POSITIONING FOR EXAMS OF THE UPPER EXTREMITIES
Section I. RADIOGRAPHIC PROJECTIONS OF THE HAND
a. Lesson Format. In this lesson, a group of related projections for the upper
extremities will be presented. For each projection, two figures are provided (figure 5-1).
The first depicts the body part that is of clinical interest, with labels naming the various
parts of the anatomical structure; the second shows proper placement of the patient.
Where feasible, the anatomical structure to be demonstrated is highlighted in gray in the
labeled drawing. (A line drawing rather than a photograph of a radiograph was selected
to ensure clarity of depiction.)
b. Specifications (Order of Procedure). Following the two figures is the order
of procedure, a laundry list of specifications for the projection (figure 5-2). The laundry
list consists of information essential to ensuring proper visualization of the body part.
The information (specifications) provided for each position will always be presented in
the same order, for ease of comparison. (See bottom inset, figure 5-1).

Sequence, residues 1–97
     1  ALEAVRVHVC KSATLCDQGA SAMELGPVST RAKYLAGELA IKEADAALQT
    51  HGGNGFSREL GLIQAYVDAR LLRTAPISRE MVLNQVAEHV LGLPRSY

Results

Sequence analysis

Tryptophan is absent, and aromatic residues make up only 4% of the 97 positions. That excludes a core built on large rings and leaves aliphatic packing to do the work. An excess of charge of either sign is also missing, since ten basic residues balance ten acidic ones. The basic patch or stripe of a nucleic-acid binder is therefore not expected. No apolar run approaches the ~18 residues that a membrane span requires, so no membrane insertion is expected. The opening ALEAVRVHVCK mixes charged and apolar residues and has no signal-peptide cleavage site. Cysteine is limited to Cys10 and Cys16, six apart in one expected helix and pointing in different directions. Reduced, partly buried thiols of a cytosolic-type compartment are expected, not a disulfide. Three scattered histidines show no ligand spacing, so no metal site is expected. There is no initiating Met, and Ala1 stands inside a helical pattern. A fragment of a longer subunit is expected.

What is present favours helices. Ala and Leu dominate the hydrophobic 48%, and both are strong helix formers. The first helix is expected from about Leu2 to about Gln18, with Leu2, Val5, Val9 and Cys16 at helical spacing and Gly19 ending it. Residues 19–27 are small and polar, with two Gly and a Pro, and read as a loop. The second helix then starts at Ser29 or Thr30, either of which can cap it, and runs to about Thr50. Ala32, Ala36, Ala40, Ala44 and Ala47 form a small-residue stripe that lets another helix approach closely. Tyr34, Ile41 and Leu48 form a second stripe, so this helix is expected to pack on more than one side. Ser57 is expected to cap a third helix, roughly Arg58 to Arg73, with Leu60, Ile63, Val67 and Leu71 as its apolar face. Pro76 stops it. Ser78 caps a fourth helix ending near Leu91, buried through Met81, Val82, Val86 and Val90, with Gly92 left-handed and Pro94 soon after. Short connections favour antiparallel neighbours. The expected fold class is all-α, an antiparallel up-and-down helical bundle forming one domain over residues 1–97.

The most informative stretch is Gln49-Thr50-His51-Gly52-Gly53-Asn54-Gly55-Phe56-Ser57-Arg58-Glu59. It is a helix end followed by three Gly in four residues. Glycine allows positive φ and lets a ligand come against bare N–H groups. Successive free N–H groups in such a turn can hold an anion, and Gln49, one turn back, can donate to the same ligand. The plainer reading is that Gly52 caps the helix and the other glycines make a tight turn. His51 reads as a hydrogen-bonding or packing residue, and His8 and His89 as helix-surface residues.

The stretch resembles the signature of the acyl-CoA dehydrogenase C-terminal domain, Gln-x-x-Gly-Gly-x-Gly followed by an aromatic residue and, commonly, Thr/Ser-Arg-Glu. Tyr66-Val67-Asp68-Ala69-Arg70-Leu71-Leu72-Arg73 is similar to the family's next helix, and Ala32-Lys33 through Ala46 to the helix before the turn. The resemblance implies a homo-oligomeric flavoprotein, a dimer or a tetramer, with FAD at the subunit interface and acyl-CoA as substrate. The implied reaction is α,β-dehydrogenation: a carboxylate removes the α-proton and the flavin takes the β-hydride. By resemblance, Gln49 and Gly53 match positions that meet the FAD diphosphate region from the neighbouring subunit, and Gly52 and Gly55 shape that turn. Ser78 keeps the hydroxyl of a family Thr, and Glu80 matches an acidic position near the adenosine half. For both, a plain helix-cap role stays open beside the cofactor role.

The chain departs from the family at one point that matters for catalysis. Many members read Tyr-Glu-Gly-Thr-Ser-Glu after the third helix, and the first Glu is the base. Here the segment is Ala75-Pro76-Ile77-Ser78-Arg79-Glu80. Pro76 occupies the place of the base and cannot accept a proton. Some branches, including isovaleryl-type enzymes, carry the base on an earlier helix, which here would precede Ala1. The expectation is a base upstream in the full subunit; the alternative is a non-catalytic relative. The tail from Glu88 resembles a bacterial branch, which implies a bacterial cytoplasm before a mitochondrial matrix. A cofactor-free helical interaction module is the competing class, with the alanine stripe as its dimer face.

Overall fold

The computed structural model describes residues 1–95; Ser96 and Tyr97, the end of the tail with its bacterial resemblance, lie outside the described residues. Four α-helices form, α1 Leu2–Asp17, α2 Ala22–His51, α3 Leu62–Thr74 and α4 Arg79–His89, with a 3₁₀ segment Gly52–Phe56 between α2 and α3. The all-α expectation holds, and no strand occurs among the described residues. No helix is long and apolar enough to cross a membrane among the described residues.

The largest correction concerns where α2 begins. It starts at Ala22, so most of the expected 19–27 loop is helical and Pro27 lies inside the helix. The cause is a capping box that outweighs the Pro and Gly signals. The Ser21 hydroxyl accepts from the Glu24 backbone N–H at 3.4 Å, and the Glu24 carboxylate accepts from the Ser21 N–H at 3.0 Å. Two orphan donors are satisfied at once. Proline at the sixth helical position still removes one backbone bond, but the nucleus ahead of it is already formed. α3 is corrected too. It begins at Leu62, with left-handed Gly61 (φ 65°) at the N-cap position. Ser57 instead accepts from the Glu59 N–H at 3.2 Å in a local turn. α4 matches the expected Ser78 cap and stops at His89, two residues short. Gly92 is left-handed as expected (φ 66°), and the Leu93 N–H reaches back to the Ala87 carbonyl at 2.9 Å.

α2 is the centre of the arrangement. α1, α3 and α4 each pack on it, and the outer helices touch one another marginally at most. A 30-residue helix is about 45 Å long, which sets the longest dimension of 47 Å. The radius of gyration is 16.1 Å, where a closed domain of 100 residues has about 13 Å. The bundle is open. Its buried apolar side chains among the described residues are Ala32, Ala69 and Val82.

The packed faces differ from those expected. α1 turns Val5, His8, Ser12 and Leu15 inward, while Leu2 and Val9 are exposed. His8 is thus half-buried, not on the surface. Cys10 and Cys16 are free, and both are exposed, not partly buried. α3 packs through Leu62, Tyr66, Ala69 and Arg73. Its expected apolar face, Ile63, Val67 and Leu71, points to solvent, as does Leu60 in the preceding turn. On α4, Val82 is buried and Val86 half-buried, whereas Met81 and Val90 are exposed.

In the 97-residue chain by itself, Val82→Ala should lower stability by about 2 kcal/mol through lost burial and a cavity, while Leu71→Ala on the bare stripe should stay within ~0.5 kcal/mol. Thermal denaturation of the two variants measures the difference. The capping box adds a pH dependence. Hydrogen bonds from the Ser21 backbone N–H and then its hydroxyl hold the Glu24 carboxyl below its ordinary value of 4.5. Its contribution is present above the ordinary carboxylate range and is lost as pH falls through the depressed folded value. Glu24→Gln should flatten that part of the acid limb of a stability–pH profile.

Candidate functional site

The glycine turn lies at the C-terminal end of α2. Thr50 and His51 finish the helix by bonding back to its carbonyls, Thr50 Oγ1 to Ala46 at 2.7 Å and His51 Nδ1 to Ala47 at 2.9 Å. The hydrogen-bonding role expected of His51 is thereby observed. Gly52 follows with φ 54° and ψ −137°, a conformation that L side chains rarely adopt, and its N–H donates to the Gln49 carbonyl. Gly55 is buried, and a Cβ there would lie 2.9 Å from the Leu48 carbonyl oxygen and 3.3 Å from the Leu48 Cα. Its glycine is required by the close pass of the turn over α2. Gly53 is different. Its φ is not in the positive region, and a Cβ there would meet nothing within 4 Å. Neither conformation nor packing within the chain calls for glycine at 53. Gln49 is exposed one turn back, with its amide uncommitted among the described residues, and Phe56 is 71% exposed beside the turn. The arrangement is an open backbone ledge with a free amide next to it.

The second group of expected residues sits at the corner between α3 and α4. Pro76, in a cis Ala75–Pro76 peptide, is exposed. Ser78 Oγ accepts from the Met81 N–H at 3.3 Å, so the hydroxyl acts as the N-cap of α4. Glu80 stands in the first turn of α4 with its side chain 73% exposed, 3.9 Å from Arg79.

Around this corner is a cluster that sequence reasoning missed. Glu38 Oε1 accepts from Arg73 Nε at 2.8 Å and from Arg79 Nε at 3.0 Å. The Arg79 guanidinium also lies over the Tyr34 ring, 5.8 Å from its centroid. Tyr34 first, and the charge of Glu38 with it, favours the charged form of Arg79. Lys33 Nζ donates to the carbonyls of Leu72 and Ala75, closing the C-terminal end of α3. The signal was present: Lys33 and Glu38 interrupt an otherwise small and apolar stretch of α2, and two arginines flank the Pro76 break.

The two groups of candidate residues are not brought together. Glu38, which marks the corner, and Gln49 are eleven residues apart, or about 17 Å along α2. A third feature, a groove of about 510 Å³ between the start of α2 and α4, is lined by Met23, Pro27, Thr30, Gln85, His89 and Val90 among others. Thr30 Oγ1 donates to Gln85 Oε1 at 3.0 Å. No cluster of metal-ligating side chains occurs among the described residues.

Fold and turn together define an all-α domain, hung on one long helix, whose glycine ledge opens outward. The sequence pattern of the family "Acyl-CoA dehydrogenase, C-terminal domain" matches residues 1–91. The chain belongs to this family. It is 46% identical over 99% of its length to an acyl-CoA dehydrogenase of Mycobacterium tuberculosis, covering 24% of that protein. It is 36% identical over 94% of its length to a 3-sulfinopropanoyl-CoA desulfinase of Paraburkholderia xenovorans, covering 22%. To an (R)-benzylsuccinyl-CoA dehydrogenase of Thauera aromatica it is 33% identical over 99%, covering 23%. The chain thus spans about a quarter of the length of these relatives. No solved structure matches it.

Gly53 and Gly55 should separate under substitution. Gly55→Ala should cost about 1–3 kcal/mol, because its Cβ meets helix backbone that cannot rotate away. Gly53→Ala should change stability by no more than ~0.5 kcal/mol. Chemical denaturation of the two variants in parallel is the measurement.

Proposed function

c. Common information. Some information common to a group of projections
will be presented at the beginning of the lesson instead of being repeated over and over
again for each position. In this lesson, for example, the information pertaining to the
patient's dress will be presented at the outset; but this common information should be
kept in mind as you proceed to read about each position.
d. The Order of Procedure (Position Specification). The information
generally included in the laundry list (position specifications) is explained in figure 5-2.
Note that items a, b, and c are the position specific or unique information is provided for
e. How to Use This Material. There are over 100 positions presented in
MD0961, Standard Positioning Techniques I, and MD0962, Standard Positioning
Techniques II. The majority are in MD0962, the sequel to this subcourse. Many of the
specifications for the various positions are similar. Unless you zero in on the critical
distinguishing features of each position, the information presented here can easily
become muddled in your mind. You cannot memorize all the facts about these
positions. What you can do is to learn the critical differences among positions. Don't let
yourself feel overwhelmed. Instead, take one position at a time. (Relax and forget
about all the other positions to be covered for the time being.)